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‘Whip It’ crackles with fun

First-time director Drew Barrymore leaves other chick-flicks eating her dust with this fun female-empowerment movie.

In a year when such toxic Hollywood movies as “The Ugly Truth,” “All About Steve” and “Post Grad” have popped up like poisonous mushrooms filled with venomously misogynist messages for their female viewership, it’s something close to thrilling to see “Whip It,” a fun female-empowerment movie that marks an impressively crowd-pleasing directorial debut for Drew Barrymore. (Having succeeded not only as an actress but also as a producer, she can now officially be considered a triple threat.)

It’s a movie about pursuing your dreams, playing in the big game, stepping off the path your parents have created for you, putting your friends before your lovers and learning when and where to elbow anyone who gets in your way.

Ellen Page stars as Bliss, a teen in small-town Texas (oddly, the film was shot in Michigan) who competes in beauty pageants at the behest of Brooke (Marcia Gay Harden), her steel magnolia of a mother. Despite the occasional protest — like dying her hair blue before one competition — Bliss is a good girl who works hard in school and at her waitressing gig at the local barbecue joint.

On a shopping trip to Austin, Bliss picks up a flyer for the local roller derby and convinces her friend Pash (Alia Shawkat, “Arrested Development”) to drive her. One look at the strong, independent tattooed women battling their way around the track on skates, and Bliss is hooked. On the suggestion of Hurl Scouts team captain Maggie Mayhem (Kristen Wiig), Bliss returns the following week — via the senior citizens Bingo bus — to try out. Despite not having skated in years, Bliss is the fastest girl out there, and thus her derby alter ego, Babe Ruthless, is born.

Naturally, Bliss has to keep her mom and dad (Daniel Stern) from finding out what she’s doing while also keeping the Hurl Scouts from finding out that she’s only 17. And then floppy-haired indie-rock boy Oliver (Landon Pigg) enters the equation to complicate matters even further.

One of the many smart moves made by Barrymore and screenwriter Shauna Cross (adapting her novel) is to avoid having obvious villains. Brooke has her reasons for encouraging Bliss to do the pageants — without being a one-dimensional stage mom — just as rival derby-er Iron Maven (Juliette Lewis, having a blast playing a meanie) has her reasons for resenting young Bliss’ meteoric rise in the league. I can’t remember the last time I saw a movie where a teenager tells off her strict parents — only to have them later discuss the argument, with both sides admitting where they were wrong.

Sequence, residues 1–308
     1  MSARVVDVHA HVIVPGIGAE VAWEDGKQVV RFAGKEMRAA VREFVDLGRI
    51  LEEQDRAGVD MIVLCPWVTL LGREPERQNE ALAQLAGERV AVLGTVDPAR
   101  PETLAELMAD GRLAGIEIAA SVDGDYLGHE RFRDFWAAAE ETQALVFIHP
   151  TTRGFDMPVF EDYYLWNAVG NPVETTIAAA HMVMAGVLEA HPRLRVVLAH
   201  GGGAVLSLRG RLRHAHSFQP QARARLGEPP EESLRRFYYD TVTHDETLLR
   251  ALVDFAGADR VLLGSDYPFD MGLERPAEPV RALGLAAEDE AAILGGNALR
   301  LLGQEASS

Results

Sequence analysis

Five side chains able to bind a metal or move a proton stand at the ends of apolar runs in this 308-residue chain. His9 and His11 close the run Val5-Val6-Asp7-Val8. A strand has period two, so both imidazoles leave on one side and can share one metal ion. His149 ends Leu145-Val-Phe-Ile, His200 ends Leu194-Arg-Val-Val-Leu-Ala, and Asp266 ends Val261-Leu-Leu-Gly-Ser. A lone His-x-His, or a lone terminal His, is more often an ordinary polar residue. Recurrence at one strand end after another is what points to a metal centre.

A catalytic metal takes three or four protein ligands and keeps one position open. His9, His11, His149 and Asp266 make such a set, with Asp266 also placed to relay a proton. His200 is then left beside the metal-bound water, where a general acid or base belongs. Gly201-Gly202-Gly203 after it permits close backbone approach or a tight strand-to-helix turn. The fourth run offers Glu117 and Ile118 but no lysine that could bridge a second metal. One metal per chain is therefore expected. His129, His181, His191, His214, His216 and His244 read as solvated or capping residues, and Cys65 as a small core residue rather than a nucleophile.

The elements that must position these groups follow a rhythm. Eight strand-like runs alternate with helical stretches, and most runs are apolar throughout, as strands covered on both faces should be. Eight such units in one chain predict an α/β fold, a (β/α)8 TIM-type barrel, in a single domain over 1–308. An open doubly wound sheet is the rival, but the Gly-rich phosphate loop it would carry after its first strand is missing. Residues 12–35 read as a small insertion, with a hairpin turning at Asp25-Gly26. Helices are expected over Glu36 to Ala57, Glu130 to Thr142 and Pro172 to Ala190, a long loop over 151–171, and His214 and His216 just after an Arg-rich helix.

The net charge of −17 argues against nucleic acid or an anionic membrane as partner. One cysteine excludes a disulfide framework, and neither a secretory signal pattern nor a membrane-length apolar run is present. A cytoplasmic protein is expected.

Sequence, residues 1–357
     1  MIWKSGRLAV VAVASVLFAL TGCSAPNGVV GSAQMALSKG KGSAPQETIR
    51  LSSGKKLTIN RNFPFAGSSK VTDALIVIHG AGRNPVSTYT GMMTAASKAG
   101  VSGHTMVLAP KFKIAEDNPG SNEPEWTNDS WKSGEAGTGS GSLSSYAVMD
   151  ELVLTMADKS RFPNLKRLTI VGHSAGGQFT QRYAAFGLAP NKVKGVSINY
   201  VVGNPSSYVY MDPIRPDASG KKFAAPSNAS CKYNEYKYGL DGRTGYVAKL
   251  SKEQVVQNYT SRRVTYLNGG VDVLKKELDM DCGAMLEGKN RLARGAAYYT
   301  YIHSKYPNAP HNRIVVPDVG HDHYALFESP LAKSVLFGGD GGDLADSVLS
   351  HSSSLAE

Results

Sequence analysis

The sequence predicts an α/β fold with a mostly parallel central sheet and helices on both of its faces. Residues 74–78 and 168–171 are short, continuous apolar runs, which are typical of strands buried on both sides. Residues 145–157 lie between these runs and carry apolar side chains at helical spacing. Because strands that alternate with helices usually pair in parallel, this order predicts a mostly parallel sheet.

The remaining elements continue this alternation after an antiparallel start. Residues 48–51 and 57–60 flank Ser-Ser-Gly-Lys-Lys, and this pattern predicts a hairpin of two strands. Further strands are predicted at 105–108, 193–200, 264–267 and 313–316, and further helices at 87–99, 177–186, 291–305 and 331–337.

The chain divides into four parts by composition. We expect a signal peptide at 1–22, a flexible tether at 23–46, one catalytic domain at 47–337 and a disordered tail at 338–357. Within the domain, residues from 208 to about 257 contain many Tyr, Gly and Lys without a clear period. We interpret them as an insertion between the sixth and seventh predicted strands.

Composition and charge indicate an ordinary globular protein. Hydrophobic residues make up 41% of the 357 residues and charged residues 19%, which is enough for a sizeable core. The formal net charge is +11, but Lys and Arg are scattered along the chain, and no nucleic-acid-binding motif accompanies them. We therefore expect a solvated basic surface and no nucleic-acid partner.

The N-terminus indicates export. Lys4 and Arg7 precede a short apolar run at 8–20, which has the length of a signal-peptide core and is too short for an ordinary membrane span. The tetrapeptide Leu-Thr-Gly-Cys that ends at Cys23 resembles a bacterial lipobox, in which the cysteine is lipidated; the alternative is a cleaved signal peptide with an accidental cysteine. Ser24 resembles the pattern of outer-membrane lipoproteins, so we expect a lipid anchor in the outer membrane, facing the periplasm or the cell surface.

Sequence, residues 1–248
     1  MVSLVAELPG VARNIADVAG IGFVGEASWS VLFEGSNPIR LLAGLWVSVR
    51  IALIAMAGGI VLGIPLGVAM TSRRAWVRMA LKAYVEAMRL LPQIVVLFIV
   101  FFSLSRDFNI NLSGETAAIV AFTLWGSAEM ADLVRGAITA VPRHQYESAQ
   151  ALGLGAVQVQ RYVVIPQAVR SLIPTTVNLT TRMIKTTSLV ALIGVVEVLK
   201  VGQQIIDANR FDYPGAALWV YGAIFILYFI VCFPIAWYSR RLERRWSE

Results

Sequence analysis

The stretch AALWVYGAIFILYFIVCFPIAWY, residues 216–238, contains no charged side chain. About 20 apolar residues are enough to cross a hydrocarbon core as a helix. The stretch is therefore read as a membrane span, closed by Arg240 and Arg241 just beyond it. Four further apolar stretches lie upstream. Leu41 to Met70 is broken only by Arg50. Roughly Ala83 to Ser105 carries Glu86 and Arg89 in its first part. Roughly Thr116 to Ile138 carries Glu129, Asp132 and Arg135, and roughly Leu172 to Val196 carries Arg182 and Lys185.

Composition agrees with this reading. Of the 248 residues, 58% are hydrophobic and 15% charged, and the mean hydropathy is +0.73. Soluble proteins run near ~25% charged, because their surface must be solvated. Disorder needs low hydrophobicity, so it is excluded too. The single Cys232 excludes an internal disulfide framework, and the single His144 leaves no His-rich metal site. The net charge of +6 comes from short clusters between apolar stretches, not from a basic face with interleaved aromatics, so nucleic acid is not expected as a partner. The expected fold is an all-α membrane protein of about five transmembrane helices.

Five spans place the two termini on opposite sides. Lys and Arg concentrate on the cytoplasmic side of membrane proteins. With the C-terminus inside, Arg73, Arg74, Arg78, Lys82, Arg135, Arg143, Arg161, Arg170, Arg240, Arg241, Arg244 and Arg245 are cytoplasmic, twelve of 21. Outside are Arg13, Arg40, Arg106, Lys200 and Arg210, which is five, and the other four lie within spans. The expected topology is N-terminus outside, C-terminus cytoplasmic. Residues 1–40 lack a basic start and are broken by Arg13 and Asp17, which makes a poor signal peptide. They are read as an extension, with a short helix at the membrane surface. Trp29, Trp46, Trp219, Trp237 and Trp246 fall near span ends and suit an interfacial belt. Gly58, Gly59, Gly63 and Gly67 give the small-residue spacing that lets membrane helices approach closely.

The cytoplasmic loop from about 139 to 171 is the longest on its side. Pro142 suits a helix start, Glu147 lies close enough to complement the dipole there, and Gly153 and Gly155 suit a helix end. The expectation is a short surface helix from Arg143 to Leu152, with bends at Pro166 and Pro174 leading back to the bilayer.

Drew Barrymore: Hollywood wild child

Slideshow  46 photos

Drew Barrymore: Hollywood wild child

The actress started out as a bad girl, but through it all remains a big-screen queen with an impressive career.

With the exception of Andrew Wilson’s intense coach, most of the male performances are sort of negligible. (I never bought Stern as a Texan for one second.) But the women shine, from Page’s decidedly un-Juno-like blossoming into a fierce athlete to the hilarious and occasionally moving supporting performances by Wiig, Shawkat, Lewis, Barrymore and the always-luminescent Zoë Bell.

But the real star here is Harden, a Lone Star State native who has had a run of underwhelming movie and TV opportunities in the wake of her best supporting actress Oscar win for “Pollock.” (Off-screen, at least, she’s been knocking ’em dead on Broadway in “God of Carnage.”) “Whip It” gives her a doozy of a role, loaded with contradictions and regrets and love and resentments, and Harden makes Brooke into an indelible character. In a film that boasts a talented team of actors, Harden’s the MVP.

Follow Movie Critic Alonso Duralde at .